Alan Feinberg

Fugue State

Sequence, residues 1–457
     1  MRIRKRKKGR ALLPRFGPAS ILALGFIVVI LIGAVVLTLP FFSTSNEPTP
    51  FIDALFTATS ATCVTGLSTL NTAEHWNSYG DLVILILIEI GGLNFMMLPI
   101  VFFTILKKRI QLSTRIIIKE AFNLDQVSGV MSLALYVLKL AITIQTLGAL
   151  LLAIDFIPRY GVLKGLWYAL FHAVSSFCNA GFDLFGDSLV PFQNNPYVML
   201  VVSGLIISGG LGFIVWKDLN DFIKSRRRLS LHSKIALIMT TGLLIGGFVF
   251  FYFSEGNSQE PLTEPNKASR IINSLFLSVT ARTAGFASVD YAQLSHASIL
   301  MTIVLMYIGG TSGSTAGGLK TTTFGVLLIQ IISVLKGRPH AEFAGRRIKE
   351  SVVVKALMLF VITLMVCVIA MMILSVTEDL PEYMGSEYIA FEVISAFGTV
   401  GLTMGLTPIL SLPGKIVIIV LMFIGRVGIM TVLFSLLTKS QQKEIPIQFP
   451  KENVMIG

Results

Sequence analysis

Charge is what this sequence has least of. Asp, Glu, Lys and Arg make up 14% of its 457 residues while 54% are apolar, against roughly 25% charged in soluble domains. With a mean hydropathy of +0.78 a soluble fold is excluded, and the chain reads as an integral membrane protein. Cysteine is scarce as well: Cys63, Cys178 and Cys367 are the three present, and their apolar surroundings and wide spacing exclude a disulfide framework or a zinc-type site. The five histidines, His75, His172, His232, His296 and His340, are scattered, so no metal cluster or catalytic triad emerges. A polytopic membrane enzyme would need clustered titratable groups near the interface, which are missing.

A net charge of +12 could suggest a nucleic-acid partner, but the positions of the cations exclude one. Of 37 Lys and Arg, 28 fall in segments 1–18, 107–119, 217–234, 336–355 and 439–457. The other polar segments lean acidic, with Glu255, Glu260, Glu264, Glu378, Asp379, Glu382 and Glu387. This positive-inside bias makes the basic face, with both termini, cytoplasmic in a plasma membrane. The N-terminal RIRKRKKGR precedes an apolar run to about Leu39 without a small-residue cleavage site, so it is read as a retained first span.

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Pianist Alan Feinberg recorded expressionistic versions of John Bull's unconventional English Renaissance keyboard piece several years before releasing this utterly, by modern standards, iconoclastic collection of fugues by various composers of the 17th and 18th centuries. Unashamedly pianistic, these readings rely on the idea that, in Feinberg's words, "[e]ach fugue can be thought of as a character piece, each with its own personality, scope, level of complexity, and affect." There is little or no support for this view in the Baroque literature, but that isn't necessarily a bad thing: Feinberg puts it across. The program concludes chronologically with Bach and Handel, who surely do exhibit contrasting interior and exterior characteristics even in fugues. The program is filled out with works by Bach's model Buxtehude, whose opposite number is the more brilliant Froberger, and there are some little-known keyboard fugues by both Domenico and Alessandro Scarlatti. Feinberg's recital will not win any awards for historical accuracy, but nobody has done anything like it before, and it's highly listenable. Excellent sound from Virginia's Sono Luminus studio, emerging as a leading U.S. studio venue for high-end audio, is a major attraction.

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